# Prove existence and uniqueness for a Cauchy problem

I need a help in proving the existence and uniqueness for the following Cauchy problem:

$$\begin{cases}y''+e^{x}y=0 \\ y(0)=1 \\ y'(0)=0\end{cases}$$

This can be recasted as a first order system where $$f$$ is defined as $$f(x,y)=[-e^x y , y]^T$$

In order to prove (local) existence and uniqueness, I need to show that $$f$$ is locally Lipschitz w.r.t $$y$$, (it is the RHS of an ODE)

I compute:

$$\left|| f(x,y_1)-f(x,y_2) \right|| = \left|| [e^x (y_2 - y_1),y_1 - y_2]^T \right|| = (y_2 - y_1)^2 \Bigl( 1 + e^{2x} \Bigr) = \left|| y_1 - y_2\right|| \Bigl( 1 + e^{2x} \Bigr)$$

So, for $$|x| < a$$ (i.e. in a neigbourhood of $$x_0=0$$ I have $$\Bigl( 1 + e^{2x} \Bigr)\leq1+e^{2a}$$, so it's locally Lipschitz (but no globally)

Is everything correct?

You got the function $$f(x,y)$$ wrong. What you need to do is define a third variable to serve as the first derivative of $$y$$. The function you want is $$f([y,y']^T,x) = [y',-e^xy]^T$$. This is the function you want to show is Lipschitz.

• Oh, you're right... I found: $$\left|| f(y_1,y_1',x)-f(y_2,y_2',x) \right|| = \left|| \Bigl[ y_1'- y_2' , e^{x}(y_2 - y_1) \Bigr]^t \right\vert| = (y_1' - y_2')^2 + e^{2x}(y_2 - y_1)^2$$ Now I divide by $$(y_1' - y_2')^2 + (y_1 - y_2)^2$$, and obtain $$\frac{(y_1' - y_2')^2 + e^{2x}(y_2 - y_1)^2 }{(y_1' - y_2')^2 + (y_1 - y_2)^2}$$ Commented Aug 19, 2020 at 18:25
• continuing from the last expression, I add and subtract $(y_2-y_1)^2$ and I obtain $$1 + \frac{(y_2 - y_1)^2}{(y_1' - y_2')^2 + (y_1 - y_2)^2} (e^{2x} - 1)$$ Then, for $x$ in a neigbourhood of $x_0=0$, i.e. $|x|<a$, I can bound the last quantity with $$1 + \frac{(y_2 - y_1)^2}{(y_1' - y_2')^2 + (y_1 - y_2)^2} (e^{2a} - 1)$$ where the coefficient of $(e^{2a}-1)$ is less than $1$. Therefore it's locally Lipschitz w.r.t $(y,y')$. Is it right now? Commented Aug 19, 2020 at 19:07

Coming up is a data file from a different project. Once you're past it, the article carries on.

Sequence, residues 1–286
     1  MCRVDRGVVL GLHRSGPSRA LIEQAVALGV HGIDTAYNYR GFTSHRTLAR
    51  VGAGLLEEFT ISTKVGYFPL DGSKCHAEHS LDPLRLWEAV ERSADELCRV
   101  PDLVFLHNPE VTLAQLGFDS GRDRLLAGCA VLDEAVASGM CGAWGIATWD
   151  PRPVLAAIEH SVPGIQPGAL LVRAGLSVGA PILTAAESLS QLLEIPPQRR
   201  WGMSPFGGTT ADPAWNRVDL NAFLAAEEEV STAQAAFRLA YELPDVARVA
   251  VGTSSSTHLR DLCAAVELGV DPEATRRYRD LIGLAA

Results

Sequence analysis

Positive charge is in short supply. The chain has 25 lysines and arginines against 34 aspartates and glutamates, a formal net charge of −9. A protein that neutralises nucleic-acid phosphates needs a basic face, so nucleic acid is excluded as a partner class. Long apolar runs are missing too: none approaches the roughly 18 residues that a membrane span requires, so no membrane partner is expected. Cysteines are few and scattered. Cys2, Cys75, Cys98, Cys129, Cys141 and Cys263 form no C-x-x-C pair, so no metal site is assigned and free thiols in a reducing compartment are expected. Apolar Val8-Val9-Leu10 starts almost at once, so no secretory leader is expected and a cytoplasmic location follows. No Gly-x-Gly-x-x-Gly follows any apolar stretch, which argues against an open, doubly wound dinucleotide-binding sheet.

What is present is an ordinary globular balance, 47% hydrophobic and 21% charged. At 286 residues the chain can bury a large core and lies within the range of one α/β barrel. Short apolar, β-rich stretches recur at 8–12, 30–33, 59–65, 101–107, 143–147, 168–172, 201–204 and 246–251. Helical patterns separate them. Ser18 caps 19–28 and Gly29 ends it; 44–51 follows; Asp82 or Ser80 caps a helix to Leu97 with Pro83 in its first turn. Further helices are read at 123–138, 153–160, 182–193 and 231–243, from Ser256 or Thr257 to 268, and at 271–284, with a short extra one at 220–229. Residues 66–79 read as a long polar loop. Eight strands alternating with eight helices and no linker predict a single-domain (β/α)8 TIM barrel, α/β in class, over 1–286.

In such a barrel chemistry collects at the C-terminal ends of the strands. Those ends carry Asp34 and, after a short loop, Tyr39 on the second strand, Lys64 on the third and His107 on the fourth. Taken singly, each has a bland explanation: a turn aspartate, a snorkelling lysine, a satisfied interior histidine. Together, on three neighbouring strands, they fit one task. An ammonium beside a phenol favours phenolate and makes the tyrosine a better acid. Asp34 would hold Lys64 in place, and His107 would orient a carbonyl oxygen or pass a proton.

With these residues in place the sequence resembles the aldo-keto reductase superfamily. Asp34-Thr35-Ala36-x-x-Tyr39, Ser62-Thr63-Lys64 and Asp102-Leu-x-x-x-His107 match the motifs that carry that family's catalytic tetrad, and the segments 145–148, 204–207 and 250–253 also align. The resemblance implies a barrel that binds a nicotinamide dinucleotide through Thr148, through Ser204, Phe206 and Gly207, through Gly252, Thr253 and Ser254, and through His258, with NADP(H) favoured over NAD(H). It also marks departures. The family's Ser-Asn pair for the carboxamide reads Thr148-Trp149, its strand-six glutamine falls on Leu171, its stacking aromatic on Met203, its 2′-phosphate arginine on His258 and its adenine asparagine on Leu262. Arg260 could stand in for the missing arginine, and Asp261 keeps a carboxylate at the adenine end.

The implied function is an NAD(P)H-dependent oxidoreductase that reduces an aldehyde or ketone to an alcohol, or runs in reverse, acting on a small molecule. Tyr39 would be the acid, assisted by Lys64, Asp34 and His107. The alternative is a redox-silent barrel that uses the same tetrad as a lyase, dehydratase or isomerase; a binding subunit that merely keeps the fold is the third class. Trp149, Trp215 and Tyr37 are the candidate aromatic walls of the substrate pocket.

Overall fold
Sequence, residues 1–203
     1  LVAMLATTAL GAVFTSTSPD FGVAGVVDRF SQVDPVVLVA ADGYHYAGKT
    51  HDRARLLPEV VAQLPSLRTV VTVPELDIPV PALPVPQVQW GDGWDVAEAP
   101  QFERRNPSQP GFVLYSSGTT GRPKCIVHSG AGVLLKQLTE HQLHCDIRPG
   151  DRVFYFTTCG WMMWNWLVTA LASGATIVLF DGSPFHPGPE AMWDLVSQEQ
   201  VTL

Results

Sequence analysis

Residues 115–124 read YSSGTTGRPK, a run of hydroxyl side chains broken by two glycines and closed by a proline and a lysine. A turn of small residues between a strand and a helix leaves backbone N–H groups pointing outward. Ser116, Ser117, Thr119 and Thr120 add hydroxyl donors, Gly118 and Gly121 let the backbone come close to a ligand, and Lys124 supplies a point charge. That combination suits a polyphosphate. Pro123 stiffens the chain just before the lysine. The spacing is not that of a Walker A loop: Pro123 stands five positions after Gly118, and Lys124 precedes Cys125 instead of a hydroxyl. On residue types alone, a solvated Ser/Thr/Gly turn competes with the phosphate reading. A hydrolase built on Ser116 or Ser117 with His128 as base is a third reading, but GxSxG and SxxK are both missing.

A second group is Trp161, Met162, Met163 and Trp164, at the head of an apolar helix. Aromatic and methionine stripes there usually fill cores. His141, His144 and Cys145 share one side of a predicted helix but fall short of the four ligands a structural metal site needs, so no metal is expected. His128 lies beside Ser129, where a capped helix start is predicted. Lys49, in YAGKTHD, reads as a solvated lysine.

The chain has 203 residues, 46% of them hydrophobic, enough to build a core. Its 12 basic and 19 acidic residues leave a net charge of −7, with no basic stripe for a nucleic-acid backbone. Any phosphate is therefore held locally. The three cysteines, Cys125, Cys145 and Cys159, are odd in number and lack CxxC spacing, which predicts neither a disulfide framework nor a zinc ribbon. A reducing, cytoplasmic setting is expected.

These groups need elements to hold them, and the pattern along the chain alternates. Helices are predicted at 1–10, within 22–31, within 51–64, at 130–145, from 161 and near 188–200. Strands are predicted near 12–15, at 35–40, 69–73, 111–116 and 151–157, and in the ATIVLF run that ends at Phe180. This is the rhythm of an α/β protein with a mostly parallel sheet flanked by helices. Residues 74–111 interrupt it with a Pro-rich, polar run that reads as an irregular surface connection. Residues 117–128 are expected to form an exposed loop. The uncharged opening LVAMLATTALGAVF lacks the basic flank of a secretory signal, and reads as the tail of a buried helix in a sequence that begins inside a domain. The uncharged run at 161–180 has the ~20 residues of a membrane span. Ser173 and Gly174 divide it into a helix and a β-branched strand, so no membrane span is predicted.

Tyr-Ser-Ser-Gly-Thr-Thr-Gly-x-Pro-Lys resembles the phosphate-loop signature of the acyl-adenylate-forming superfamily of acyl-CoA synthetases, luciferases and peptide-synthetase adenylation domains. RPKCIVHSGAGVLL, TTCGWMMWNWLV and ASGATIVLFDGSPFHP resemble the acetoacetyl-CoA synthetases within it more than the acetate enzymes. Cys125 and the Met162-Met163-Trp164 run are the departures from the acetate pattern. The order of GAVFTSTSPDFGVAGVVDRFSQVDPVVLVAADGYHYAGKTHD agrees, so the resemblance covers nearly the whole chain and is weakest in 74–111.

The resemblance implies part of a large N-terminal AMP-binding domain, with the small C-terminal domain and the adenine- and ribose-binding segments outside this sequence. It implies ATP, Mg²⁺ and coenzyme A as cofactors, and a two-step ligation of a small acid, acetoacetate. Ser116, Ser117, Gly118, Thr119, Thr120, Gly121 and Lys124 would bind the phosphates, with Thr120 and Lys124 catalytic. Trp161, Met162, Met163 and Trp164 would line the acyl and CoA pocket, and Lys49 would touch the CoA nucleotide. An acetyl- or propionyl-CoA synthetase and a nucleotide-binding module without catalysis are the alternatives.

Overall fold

• @andereBen Looks right to me. Commented Aug 19, 2020 at 19:58
• Therefore, it seems to me that it's not possible to prove in this way the global existence: there is no way to bound $(e^{2x} -1)$, right? Commented Aug 19, 2020 at 22:34
• could you check my last comment, please? Commented Aug 20, 2020 at 14:00

$$\frac{d^2y}{dx^2}+e^x y=0$$ Change of variable :$$\quad e^x=t\quad\implies\quad \frac{dt}{dx}=t$$

$$\frac{dy}{dx}=\frac{dy}{dt}\frac{dt}{dx}=t\frac{dy}{dt}$$

$$\frac{d^2y}{dx^2}=\frac{d\frac{dy}{dx}}{dt}\frac{dt}{dx}=(\frac{dy}{dt}+t\frac{d^2y}{dt^2})t=t^2\frac{d^2y}{dt^2}+t\frac{dy}{dt}$$ $$t^2\frac{d^2y}{dt^2}+t\frac{dy}{dt}+ty=0$$ $$\frac{d^2y}{dt^2}+\frac{1}{t}\frac{dy}{dt}+\frac{1}{t}y=0$$ This is a Bessel equation which solution is well known. See Eq.(6) and (7) in : https://mathworld.wolfram.com/BesselDifferentialEquation.html $$y(t)=c_1J_0\big(2\sqrt{t}\big)+c_2Y_0\big(2\sqrt{t}\big)$$ $$J_0$$ and $$Y_0$$ are the Bessel functions of the first and second kind respectively. The general solution of the ODE is : $$y(x)=c_1J_0\big(2e^{x/2}\big)+c_2Y_0\big(2e^{x/2}\big)$$ The coefficients $$c_1$$ and $$c_2$$ are determined according to the conditions $$y(0)=1$$ and $$y'(0)=0$$ which leads to the unique solution : $$y(x)=\frac{Y_1(2)J_0\big(2e^{x/2}\big)-J_1(2)Y_0\big(2e^{x/2}\big)}{Y_1(2)J_0(2)-J_1(2)Y_0(2)}$$